His opponent was the seven-foot tall Russian Giant Nikolay Valuev, the tallest heavyweight champion of all time.

    A seven-foot oaf and a middle-aged man doesn't exactly look like a compelling matchup on paper and this one sadly met reasonable expectations. Still, the faded legend pushed the action and clearly outworked the immobile Russian in virtually every round.

    Maybe you could make an argument that nobody deserved to win this fight. But since it was a sporting event and somebody had to win, there is no question that the somebody should have been Holyfield.

7. Julio Cesar Chavez Jr. D Carlos Molina

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    In December 2005 Julio Cesar Chavez Jr. was 23-0 and being pushed as a future superstar by boxing promoters anxious to cash in on his legendary father's reputation. He had already fought nine times during the year when he faced obscure, 8-1 Carlos Molina in a six-round bout.

    The much smaller and less powerful Molina gave Chavez Jr. a boxing lesson. Without question, it should have been the first loss of Jr.'s career.

    For Chavez Jr. to drop to 23-1 at that point would have meant a lot of future money going down the drain. Somehow he escaped with a draw. He won the rematch by majority decision two months later. That fight was certainly much closer, but I think Molina deserved to win again.

    Chavez Jr. had almost no amateur career and was learning on the fly in the professional ranks. He is definitely a better fighter today that he was then, even if his work habits appear to have leveled off and headed down hill.

    Molina, meanwhile, has become a world champion in his own right, and among the top fighters in the junior middleweight division.

6. Oscar De La Hoya UD Felix Sturm

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    Serious boxing fans know that decisions in Germany tend to be generous in favor of the hometown fighter. Long-time middleweight champion Felix Sturm has gotten his share of friendly scorecards there in close fights.

    But when Sturm sustained the professional loss of his career in June 2004, it was Oscar De La Hoya who benefited from some Vegas-style home cooking.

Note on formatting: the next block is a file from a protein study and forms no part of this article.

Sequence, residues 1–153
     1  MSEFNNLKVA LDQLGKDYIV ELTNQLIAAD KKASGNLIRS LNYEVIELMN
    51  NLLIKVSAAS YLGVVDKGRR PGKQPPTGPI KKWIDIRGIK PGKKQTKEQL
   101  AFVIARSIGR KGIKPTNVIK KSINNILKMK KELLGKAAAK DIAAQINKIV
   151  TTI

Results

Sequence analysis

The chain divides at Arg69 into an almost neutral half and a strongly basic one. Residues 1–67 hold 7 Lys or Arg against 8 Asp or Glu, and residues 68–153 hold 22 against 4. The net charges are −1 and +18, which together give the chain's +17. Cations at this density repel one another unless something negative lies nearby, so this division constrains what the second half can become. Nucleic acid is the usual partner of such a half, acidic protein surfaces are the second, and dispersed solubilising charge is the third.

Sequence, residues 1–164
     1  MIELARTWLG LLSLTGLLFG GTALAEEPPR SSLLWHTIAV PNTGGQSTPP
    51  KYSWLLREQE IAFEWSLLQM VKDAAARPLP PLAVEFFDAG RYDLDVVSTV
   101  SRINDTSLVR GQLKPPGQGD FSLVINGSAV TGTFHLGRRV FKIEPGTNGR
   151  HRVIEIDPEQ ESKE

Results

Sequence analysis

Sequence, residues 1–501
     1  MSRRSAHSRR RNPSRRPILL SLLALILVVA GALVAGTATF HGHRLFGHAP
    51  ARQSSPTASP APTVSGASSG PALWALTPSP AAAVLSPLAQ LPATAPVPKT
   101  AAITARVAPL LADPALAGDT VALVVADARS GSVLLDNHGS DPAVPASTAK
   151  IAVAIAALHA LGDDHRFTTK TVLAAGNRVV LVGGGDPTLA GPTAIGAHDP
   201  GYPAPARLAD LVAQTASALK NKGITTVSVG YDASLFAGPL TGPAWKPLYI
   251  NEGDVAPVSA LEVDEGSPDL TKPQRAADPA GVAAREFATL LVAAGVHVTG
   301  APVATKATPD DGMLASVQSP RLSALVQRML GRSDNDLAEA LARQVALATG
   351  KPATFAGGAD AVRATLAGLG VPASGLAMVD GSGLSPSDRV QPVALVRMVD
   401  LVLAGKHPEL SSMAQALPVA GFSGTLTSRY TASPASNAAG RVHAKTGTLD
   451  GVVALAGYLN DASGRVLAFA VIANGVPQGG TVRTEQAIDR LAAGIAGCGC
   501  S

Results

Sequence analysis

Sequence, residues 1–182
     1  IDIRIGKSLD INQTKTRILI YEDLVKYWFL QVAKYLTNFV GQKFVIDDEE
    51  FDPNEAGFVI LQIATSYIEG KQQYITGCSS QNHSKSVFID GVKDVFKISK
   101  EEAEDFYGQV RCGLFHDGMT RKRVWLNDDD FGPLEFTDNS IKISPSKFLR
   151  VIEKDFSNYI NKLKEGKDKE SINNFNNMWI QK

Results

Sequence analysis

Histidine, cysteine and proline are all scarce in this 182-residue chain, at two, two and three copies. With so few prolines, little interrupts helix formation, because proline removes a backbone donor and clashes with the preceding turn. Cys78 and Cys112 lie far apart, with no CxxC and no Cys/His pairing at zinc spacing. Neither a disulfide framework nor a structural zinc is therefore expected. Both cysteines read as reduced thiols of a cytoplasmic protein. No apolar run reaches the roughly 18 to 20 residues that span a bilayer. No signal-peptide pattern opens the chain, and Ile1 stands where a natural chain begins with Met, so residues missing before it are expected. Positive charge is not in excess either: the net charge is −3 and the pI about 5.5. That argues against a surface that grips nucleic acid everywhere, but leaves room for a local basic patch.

"The Golden Boy" was thoroughly outboxed by the German star, yet escaped with a narrow unanimous decision. Sturm peppered De La Hoya with his jab all fight long and landed over 50 percent of his power shots.

    Even for home cooking, this one smelled particularly terrible. A win by Sturm would have derailed a super fight between De La Hoya and Bernard Hopkins. Somehow, that derailment was avoided.  

5. Timothy Bradley SD Manny Pacquiao

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    I suspect some readers will be expecting to see this one higher on the list. Manny Pacquiao's superstar status heading into this fight made Timothy Bradley's unexpected split-decision victory a bombshell that transcended the sport.

    But it has also caused a general overstatement in regards to how putrid the judges' cards actually were.

    Still, don't get me wrong. This decision was horrible. I wanted Bradley to win and still ended up scoring it eight rounds to four for Pacquiao.

    Duane Ford, who outrageously handed Jermane Taylor Roud 12 in his first victory over Bernard Hopkins, scored the fight 115-113 for Bradley. C.J. Ross, who would later turn in an even more baffling 114-114 card for Floyd Mayweather and Saul Alvarez, agreed with Ford.

    Pretty much nobody else in the world agreed with them, though. The WBO later had the fight re-scored by five officials and none of them thought Bradley deserved to win.

4. Brandon Rios SD Richar Abril

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    When a wildy entertaining and popular international superstar like Manny Pacquiao gets hosed by the judges, it's a scandal that lingers in the public consciousness for years. When an obscure, defensive-minded technician like Richar Abril get robbed against a popular gunslinger like Brandon Rios, folks don't notice so much.